The old joke about why Gittin appears before Kiddushin in Shas (because G-d created the refuah before the makkah) is somewhat upended in this weeks parsha, where the sources for marriage and divorce appear in the same verse (24:1), with “kicha”, the term used for kiddushin, clearly preceding the appearance of “sefer kerisus”, the term denoting a get. The way the verse is written almost makes marital discord and divorce appear to be an inevitable consequence of marriage.
Further study of much of the halachos regarding marriage and marital conduct seems to mostly deal with what can, and will, go wrong, this even before it deals with issues of marital misconduct and divorce, a world all its own. (Maybe my Shabbas Nachamu criticism of religious figures’ involvement in matters of the heart may have been a bit harsh, at first glance; the halachic literature ostensibly doesn’t really give them that much to work with.)
I think the Torah boils the notion of marriage down to one very basic premise: no sexual relationship should ever be commenced until the parties are prepared to sign a contract regulating it. No matter how committed or in love two consenting adults really think they are, without this willingness, the relationship won’t be worth the paper its printed on. The Torah points out that there are going to be times this happens even when said paper does exist.
Furthermore, the marriage verse may seem to warn us that, if we are to think that the Torah is inevitably androcentrically misogynist, sometimes we might think again. We can examine a few of these bon mots, starting with 24:1.
The assumption in the verse seems, at first glance, to blame the ostensible dissolution of the marriage on the woman—“ki matza ba ervas davar”, he has found some unseemly thing in her. It doesn’t take much in the way of imagination to propose that the fault is with the male for being so fault-finding, maybe he is simply looking for a way out. (Why does the Torah give it to him? That’s another discussion. Start with the machlokes Bes Shammai/Bes Hillel at the end of Gittin about grounds for divorce. Rabbeinu Gershom must have thought along similar lines.)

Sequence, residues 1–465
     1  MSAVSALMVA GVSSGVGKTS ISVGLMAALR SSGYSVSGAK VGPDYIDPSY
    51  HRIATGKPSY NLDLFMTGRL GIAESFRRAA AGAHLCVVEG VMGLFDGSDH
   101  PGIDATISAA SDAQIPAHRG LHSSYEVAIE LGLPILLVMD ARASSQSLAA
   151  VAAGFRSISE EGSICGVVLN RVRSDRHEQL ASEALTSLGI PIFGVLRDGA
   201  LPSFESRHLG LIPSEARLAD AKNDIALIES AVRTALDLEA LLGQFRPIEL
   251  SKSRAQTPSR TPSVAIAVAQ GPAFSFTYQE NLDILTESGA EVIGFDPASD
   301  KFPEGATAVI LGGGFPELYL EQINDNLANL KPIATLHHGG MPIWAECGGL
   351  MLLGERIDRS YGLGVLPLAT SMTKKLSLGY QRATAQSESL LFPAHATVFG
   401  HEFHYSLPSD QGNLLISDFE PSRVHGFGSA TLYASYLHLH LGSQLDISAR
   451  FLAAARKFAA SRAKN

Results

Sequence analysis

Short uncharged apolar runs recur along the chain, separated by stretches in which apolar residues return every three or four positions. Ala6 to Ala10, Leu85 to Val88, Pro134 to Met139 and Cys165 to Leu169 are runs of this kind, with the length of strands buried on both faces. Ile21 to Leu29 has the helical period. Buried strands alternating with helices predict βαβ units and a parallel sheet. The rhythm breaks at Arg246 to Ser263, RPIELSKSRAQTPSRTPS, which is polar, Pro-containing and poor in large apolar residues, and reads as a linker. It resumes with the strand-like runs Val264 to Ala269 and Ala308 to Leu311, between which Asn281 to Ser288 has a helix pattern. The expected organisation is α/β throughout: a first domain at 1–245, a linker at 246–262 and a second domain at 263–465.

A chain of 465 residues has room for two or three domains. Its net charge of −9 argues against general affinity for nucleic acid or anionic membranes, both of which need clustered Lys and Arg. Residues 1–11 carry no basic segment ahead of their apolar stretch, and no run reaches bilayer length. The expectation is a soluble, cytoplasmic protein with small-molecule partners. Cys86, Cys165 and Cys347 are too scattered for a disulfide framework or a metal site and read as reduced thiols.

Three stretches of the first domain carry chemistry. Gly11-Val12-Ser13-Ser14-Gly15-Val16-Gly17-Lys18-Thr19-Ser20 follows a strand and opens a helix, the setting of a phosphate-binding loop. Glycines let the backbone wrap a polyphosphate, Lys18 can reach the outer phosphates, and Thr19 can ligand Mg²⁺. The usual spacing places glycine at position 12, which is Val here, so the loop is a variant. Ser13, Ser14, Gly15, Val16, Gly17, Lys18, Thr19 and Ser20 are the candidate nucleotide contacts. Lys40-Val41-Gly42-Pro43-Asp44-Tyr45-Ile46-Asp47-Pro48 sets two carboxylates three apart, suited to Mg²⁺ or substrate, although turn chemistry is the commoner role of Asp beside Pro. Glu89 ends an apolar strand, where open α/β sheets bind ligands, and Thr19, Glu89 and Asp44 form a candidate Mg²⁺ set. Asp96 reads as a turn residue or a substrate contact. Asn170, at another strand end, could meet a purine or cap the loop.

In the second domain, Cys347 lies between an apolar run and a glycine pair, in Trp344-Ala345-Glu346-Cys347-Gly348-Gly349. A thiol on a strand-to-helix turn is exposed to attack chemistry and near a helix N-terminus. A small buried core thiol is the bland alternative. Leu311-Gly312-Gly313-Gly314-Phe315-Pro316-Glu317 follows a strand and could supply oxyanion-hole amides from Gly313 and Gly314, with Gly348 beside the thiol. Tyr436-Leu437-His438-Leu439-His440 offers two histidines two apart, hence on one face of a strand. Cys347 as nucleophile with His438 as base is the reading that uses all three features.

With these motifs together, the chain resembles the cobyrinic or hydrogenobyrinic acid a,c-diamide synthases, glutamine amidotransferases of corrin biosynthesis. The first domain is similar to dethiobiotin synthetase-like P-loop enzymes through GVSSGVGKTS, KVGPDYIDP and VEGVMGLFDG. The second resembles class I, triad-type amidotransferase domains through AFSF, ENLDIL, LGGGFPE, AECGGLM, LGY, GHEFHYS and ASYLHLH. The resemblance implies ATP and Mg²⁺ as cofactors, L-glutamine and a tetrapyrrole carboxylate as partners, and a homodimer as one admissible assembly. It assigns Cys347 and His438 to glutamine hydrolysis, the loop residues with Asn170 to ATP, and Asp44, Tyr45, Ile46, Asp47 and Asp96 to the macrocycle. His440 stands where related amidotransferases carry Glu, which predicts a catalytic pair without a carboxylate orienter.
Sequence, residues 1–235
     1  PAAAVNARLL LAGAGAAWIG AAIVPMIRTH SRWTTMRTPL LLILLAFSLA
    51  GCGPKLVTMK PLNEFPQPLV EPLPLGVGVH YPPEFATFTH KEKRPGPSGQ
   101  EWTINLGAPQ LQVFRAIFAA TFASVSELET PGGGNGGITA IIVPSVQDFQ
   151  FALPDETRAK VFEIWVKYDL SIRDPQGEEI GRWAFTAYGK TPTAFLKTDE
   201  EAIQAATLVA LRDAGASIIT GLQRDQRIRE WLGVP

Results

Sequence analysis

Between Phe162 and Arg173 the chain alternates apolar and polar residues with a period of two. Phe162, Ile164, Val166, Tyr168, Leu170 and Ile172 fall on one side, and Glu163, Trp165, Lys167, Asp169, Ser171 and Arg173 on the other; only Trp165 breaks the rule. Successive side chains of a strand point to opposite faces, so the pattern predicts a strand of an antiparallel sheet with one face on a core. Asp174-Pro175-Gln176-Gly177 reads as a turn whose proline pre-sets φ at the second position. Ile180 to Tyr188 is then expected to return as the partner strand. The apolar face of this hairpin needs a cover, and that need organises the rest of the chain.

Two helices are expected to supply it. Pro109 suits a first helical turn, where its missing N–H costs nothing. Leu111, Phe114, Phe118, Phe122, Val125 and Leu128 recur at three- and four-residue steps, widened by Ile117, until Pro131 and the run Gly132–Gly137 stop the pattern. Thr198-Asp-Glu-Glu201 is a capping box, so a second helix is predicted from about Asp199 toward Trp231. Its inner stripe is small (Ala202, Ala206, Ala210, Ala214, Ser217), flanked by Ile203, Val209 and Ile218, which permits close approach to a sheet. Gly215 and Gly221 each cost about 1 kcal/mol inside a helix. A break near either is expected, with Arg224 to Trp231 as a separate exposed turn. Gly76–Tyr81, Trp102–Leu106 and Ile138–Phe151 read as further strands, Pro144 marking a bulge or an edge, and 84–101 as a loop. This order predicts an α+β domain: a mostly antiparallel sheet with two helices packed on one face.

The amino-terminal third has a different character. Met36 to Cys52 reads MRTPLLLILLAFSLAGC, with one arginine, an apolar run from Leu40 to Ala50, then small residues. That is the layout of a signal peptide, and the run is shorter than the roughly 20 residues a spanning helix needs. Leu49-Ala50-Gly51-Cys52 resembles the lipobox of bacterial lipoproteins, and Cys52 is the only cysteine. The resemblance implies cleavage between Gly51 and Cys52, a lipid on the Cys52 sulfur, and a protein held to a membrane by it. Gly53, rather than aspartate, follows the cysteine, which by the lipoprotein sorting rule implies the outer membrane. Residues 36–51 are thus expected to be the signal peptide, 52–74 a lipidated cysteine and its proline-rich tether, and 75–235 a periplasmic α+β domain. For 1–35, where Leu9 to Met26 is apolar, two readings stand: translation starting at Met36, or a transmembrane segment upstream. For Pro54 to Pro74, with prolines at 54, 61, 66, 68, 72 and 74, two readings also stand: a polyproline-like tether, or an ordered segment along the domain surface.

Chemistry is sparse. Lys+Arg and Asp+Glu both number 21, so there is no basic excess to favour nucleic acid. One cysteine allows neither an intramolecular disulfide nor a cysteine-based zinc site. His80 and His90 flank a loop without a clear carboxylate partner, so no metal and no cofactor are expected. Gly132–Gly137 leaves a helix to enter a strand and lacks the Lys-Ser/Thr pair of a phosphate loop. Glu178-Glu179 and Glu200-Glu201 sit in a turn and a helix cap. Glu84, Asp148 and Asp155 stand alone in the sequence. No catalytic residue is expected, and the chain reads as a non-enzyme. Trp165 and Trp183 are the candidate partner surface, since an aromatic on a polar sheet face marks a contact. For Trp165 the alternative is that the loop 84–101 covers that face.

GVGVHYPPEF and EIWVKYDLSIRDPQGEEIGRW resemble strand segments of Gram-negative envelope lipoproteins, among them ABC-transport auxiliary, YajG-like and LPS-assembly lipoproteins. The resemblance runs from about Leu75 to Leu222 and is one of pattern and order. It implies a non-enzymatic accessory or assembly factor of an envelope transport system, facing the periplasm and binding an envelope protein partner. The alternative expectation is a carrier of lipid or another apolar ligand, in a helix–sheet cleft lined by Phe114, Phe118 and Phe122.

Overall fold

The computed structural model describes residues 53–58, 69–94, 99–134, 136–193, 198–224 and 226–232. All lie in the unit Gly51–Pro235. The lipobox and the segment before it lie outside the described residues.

The Gemara (Bava Basra 132b and elsewhere) states unequivocally that a woman wants to marry more than a man. In light of everything we’ve seen up to this point, this might simply be a topical restatement of the notion that women are simply more inclined toward monogamy than men are. That would make evolutionary biology as androcentric as the Torah, which complicates matters considerably.
The last item I would like to examine is the Talmudic statement “Tav le’meitav tan du mi’lemeitav armelu”, which at its most basic is translated “Better to settle as two than to settle [alone][lit 'a widow']”. This has been seized upon to mean that the Talmud is suggesting a woman is better off settling, even with a “bad” match, than with no match at all. This unnecessary translation is something that both what I would call Ultra-Right Fundamentalists and Doctrinaire Marxist Feminists would have us believe.
A closer examination of the hermenuetuical makeup of one of the sugyas in which it appears (Kiddushin 41a; this statement appears in Shas four other times) should put the lie to both sides of this debate. The Gemara has just finished explaining why a man must see his prospective bride before betrothal, lest he not like what he sees and then find himself in violation of “You should love your neighbor as yourself” (!). The Gemara uses this statement to answer why the converse would not apply to women; one might even say it means that, all other things being equal, looks aren’t an ultimate dealbreaker from her end the way they might be from his. All in all, the Talmud just finds its own way of stating that the male is more spatial. Hardly politically correct, but just as hardly misogynist.
(If you think the two are synonymous, you are just as much a fundamentalist as leftist, if not worse of one, than your religious/right counterparts. But that’s another discussion still.)
The debate regarding halacha’s ostensible misogyny will never end as long as there is ink to spill (better that than blood, though at times it seems we might be coming a little too close). My contribution in this discussion is the following suggestion: the Torah has its own agenda. One must be careful in explaining it in terms of other socio-political labels and phenomena, no matter how much of a surface resemblance there seems to be.
We do ourselves—and Torah—no favors by attaching labels to its precepts. They stand on their own.